Brooke, how about you? What’s your favorite musical number and favorite outfit? Which man friend would you prefer? And how mad would you be if I gave away our train tickets so you had to sleep sitting up? Scale of 1 to 10.

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B: My favorite song was “Snow,” naturally. I’m pretty sure it was the first time we got to see the four of them sing together, and it’s one of those songs that’s just pure joy. If I could come up with witty lyrics to describe my hype for every trip I would serenade train cars full of people too.

So, you’re saying I can’t have all of the clothes? Okay. As much as I loved Rosemary’s velvet black number — so classy — I think I would most want a simple outfit of Vera’s. It had a black sweater, red belt, black and white skirt and red shoes. That aesthetic really did it for me.

Like you, AM, I think I would have to go with Danny Kaye. He seems the more fun-loving of the two — he just wants 45 minutes to himself, after all! And he really hammed it up quite well when the fellas got all burlesque-y to help the girls out of a jam. It’s worth noting that showgirls in jams has been a real theme for us these past couple of pictures.

It’s also worth noting that even though Danny Kaye is the guy I’d ultimately rather land with, he was a major source of distraction for me for a decent chunk of this movie. I told everyone watching with us that when I looked at him something in my mind said “murder!” That was an overreaction, the Danny Kaye lookalike of my mind’s eye is not murder-y, but he is pretty much the worst. At some point the name “Gavin” floated to my mind and I realized, Danny Kaye reminds me irresistibly of Gavin Belson from Silicon Valley. It’s something in the swoop of the hair, the look of the eyes and the point of the nose.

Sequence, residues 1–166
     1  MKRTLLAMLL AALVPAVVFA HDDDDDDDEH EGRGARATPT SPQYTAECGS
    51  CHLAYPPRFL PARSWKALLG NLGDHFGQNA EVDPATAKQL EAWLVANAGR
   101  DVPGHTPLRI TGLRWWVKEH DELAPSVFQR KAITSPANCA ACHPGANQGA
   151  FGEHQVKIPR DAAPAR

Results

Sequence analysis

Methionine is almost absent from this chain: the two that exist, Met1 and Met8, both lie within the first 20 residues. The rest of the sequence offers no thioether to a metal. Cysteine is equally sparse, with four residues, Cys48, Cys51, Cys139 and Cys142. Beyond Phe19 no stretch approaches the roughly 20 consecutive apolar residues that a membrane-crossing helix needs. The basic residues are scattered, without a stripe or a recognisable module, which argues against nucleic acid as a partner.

Now, as for the question of how mad I would be if you gave our tickets away, the answer is at least a 6. More if you gave the tickets to some schmoes who annoyed me. Slightly less if it was a pair of singing-dancing studs like James Corden. But, the fact remains, I cannot sleep that way and I would demand major reparations in the form of chocolate malts and elaborate musical numbers in honor of my benevolence.

AM, did I miss any essential nuances whilst I was obsessing over who exactly Danny Kaye reminded me of? And also, what do you think this movie would be if it didn’t have the backdrop of war? I’m trying to imagine it, and I’m struggling.

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AM: First, a key question. Who would be the counterpart fella to James Corden, Brooke? I’m imagining a Justin Timberlake or maybe adult Jonas brother, perhaps? Who else can sing and dance and schmooze?

I think you probably grasped most of the nuance of this film, honestly. I can’t think of a single big production musical number where it’s not a single take, did you notice that? Or the scene where Danny and Bing are changing (how progressive are they?) and it also doesn’t break to do coverage shots until the very end. I am sure, again, I’m about to be schooled on how single takes ruled the Hollywood days of yore, but it’s impressive to me nonetheless. There’s no breaking, no forgetting of lines, no losing the character. And especially when you’re looking at massive spectacle musical numbers treated like Broadway shows with no breaks, that’s just so freaking cool.